Auckland is heading into its first weekend in alert level 3 this Friday evening, and the upper Hauraki area in a “bespoke” level 4 is looking forward to dropping back to level 2 at midnight on Saturday.
It’s also the first time in weeks that daily case numbers have dropped to single figures, with only nine new community cases reported today.
The number of new community cases of Covid-19 in New Zealand dropped to single figures for the first time in weeks, with nine new cases, the Ministry of Health reported today.
All of today’s nine cases have been linked to earlier cases. Six are known contacts and three are household cases.
There are now a total of 1131 cases in the outbreak. Of those, 902 have recovered.
There were 15 new community cases reported yesterday, all in Auckland. Just one of those cases remains unlinked.
There are 13 people in hospital, with three people in ICU.
Hauraki to alert level 2
The Upper Hauraki area will join most of New Zealand in alert level 2 after no further positive results, the deputy prime minister has confirmed.
All the results of people from Upper Hauraki have come back negative, except for members of the household which has had positive cases.
Robertson then confirmed the area will move from alert level 3 to 2 at 11.59pm on Saturday.
First dose of the vaccination in the area is at 60.1 percent.
Māori and Pasifika should have been prioritised for vaccines – experts
Māori health experts say the age-based approach baked inequities into the Covid-19 vaccine rollout and giving Māori and Pasifika vaccination priority could have dampened the Delta outbreak.
A Rotorua district health board member and Whānau Ora representative says the rollout typified a “back of the queue, back of the bus” approach to Māori.
The Ministry of Health says the vaccine sequencing was established to vaccinate those most at risk first and it is working to boost Māori and Pasifika rates.
Massey University Te Pūmanawa Hauora Māori Health and Development Research centre director Professor Chris Cunningham said more than half of the Māori population was under 30, a statistic linked to a lower life expectancy than the general population.
When the vaccine plan prioritised over-30s above younger people, it effectively excluded more than half the Māori population, Cunningham said. The median age for Māori is about 26 years.
Aucklanders told to stick to rules
Auckland’s mayor is encouraging residents to keep following Covid-19 lockdown rules as the city enters its first weekend of the latest lockdown in alert level 3.
Phil Goff said it was encouraging that today’s Covid-19 numbers were in single digits.
But he says people need to remember Covid-19 is still in the community and the city needs to remain vigilant.
Goff was urging residents to stay local and stay within bubbles.
He was also encouraging people to get vaccinated this weekend, if possible.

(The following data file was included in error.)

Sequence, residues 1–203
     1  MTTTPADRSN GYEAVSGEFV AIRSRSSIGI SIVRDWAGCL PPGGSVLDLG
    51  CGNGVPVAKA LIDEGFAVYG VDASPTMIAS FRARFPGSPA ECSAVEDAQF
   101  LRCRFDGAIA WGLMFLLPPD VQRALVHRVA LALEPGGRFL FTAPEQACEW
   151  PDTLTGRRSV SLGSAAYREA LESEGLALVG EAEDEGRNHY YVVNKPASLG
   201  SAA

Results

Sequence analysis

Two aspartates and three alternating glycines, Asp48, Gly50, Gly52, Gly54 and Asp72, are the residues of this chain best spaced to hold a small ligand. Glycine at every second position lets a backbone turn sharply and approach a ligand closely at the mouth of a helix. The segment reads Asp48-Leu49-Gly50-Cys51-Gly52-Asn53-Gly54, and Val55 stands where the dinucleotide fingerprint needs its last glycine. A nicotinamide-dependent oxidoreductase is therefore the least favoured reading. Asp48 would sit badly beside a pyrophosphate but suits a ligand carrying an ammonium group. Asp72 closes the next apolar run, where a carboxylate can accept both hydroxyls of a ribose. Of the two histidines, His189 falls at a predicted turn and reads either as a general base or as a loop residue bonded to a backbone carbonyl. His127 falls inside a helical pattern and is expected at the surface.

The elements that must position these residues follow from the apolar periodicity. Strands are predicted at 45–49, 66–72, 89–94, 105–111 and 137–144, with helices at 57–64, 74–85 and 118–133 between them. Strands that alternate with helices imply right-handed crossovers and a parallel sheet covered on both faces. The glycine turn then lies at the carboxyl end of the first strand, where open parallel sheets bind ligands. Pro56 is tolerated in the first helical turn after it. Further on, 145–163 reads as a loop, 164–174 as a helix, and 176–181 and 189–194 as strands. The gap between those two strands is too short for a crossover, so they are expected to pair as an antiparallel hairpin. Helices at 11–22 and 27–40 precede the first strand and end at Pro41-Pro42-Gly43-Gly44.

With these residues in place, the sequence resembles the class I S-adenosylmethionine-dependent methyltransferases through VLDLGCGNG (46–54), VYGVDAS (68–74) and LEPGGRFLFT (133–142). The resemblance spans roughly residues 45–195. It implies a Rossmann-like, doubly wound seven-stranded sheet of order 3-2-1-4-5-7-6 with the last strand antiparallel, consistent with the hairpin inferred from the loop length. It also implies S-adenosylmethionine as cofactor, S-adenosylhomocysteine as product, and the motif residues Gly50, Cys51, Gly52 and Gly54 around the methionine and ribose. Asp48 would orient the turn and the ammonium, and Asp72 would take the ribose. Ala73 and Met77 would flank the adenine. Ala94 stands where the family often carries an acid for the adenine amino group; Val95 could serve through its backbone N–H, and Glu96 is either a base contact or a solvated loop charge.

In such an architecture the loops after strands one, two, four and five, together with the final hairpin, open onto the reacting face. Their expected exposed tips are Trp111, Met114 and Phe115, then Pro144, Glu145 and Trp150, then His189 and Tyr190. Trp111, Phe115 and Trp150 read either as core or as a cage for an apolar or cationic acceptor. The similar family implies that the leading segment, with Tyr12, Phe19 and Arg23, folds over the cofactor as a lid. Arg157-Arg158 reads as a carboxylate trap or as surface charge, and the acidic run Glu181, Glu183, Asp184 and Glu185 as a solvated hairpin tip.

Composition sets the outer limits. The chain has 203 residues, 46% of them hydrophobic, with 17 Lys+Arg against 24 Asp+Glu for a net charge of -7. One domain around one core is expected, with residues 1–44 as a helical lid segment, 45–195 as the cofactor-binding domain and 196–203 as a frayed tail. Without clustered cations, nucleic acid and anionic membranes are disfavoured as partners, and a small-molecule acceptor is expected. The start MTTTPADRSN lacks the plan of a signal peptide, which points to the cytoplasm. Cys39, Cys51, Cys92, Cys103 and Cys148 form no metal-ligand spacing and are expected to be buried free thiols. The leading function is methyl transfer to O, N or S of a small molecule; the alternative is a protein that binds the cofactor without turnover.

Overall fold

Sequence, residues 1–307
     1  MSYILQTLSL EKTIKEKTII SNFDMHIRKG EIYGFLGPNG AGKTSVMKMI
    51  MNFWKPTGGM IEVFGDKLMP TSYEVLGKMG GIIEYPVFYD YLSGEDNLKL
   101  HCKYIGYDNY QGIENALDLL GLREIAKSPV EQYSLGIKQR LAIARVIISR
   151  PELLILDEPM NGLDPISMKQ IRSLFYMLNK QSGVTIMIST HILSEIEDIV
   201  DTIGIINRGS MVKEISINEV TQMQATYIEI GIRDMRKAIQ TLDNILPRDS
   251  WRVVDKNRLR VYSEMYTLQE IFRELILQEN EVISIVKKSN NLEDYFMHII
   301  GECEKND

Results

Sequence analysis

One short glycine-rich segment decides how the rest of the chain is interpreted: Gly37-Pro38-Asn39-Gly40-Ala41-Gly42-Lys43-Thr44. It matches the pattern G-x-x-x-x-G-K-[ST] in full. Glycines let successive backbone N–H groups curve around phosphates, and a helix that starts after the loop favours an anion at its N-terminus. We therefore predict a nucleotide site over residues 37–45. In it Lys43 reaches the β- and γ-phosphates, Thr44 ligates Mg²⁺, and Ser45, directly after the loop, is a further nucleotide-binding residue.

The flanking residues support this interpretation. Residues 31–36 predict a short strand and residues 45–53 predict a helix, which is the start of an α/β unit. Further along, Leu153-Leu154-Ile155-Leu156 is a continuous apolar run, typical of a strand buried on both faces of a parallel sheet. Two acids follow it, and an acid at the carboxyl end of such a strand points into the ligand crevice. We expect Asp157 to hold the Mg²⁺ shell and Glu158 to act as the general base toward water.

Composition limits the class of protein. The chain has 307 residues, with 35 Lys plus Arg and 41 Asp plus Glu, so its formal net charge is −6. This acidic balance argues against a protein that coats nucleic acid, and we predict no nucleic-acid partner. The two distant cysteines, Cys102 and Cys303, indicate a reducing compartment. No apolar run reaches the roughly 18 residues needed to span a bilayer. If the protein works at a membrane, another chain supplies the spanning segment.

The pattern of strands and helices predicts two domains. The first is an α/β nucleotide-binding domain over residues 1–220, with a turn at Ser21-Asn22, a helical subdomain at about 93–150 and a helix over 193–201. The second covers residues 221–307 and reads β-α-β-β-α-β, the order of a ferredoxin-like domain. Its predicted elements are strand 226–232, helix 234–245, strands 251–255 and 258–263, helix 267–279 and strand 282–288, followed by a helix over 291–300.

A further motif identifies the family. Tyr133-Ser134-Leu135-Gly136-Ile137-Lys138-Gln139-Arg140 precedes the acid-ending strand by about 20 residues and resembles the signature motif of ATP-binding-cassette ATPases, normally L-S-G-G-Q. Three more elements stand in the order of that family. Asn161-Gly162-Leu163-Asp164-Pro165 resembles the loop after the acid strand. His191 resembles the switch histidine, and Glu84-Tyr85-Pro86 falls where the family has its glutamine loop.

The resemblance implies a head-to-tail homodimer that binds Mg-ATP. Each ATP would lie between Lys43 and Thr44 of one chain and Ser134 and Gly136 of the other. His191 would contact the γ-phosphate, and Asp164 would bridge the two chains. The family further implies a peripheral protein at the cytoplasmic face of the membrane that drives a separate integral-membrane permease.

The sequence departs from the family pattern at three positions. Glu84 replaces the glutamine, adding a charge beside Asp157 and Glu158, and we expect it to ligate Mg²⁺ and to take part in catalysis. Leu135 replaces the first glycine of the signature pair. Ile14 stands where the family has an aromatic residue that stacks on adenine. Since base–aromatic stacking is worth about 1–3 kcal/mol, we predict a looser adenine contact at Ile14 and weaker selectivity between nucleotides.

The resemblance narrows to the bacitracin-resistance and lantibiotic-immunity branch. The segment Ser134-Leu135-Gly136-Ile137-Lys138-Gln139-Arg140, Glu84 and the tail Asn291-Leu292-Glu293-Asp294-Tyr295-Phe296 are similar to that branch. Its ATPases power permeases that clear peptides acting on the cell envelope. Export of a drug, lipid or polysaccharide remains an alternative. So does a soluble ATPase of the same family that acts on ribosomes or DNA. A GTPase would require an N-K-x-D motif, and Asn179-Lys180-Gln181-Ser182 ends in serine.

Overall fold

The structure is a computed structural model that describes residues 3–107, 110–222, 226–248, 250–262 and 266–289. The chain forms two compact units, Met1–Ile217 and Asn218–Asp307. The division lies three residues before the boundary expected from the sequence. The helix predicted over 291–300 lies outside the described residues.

Meanwhile Auckland City Council was fast-tracking some new street trading licences to help businesses if the city moves to alert level 2.
The council said it would extend the expiry date for existing outdoor dining licences.
It would also fast-track street trading licences as well.
The police released their latest compliance update – reminding Aucklanders not to burst their bubbles after a spate of arrests at the Southern checkpoint.
A 63-year-old man was arrested at the Oram Road checkpoint after refusing multiple times to provide any of his details to police.
The man was given a warning and continue to refuse to give any details and was subsequently arrested where he resisted police.
He was summonsed to appear in the Pukekohe District Court.
A 31-year-old female was arrested at the same checkpoint after she was identified as being wanted to arrest in connection to burglaries in Cambridge.
At the Rawiri Road checkpoint, a vehicle was observed travelling through the freight lane at speed last night without headlights on.
The driver of the vehicle was stopped on SH2 and a search of the vehicle located a rifle in the boot.
A 41-year-old man is facing a number of charges including unlawful possession of a firearm and ammunition.
Auckland checkpoint figures
As of 11.59pm yesterday, a total of 256,962 vehicles have been stopped at the checkpoints on Auckland’s northern and southern boundaries since 11.59pm on 31 August.
A total of 4035 vehicles have been turned around during this time.
Yesterday, 21,854 vehicles were processed at the checkpoints while 457 vehicles were turned around, less than half the number of vehicles turned around the previous day.
A total of 80 vehicles were turned away at the Northern checkpoints yesterday while 377 vehicles were turned around at the Southern checkpoints.
As at 11.59pm 21 September, 7564 heavy vehicles have been stopped and 328 of them have been turned around attempting to leave Tāmaki Makaurau.
Of those vehicles, 56 were turned around yesterday.
Diwali festival cancelled
The Auckland Diwali Festival has been cancelled due to Covid-19.
The festival, celebrating a holy day in the Hindu calendar, is hugely popular among Auckland’s 250,000-strong Indian population.
The organiser, Auckland Unlimited, said the festival slated for the end of October could not go ahead until the city was in alert level 1.
It had planned to organise some online activities instead.
Mayor Phil Goff said it was disappointing but understandable.
Lockdown making loneliness harder for seniors
Another long lockdown in Auckland is making it harder for seniors to avoid loneliness.
Social isolation was already a major problem before the Covid-19 pandemic.
Surveys of 40,000 New Zealand pensioners living at home between 2017 and 2019, showed about one in five felt lonely.
Auckland Age Concern social workers have been on the phones daily talking to older folk, to reduce feelings of social isolation.
Age Concern Auckland chief executive Kevin Lamb told RNZ that with every day of lockdown, loneliness was becoming a greater challenge for seniors overall.